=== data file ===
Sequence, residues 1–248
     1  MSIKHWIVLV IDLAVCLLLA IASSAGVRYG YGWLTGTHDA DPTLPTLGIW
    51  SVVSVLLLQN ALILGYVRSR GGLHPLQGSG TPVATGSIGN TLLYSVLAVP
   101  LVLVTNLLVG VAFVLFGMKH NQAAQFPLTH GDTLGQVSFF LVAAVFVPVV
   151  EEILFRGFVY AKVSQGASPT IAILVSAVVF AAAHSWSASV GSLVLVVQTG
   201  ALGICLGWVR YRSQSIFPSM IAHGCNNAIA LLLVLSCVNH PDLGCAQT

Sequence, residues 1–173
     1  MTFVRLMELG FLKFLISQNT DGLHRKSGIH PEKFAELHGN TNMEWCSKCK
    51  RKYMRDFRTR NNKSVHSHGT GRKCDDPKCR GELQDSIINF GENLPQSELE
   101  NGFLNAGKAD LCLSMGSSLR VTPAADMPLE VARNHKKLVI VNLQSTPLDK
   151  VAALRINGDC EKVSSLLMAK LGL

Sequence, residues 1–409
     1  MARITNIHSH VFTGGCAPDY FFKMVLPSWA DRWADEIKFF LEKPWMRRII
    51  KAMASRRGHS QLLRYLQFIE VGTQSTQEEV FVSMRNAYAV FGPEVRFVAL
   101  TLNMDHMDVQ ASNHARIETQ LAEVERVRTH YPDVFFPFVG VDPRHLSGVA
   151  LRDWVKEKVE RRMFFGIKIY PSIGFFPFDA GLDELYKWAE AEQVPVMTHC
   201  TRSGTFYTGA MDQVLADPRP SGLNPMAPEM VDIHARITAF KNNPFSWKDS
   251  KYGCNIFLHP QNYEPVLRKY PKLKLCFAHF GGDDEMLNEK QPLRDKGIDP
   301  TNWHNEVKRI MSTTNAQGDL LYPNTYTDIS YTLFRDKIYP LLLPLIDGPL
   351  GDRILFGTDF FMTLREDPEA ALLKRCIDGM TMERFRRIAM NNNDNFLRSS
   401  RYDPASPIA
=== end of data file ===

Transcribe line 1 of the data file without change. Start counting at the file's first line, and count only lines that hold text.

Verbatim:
Sequence, residues 1–248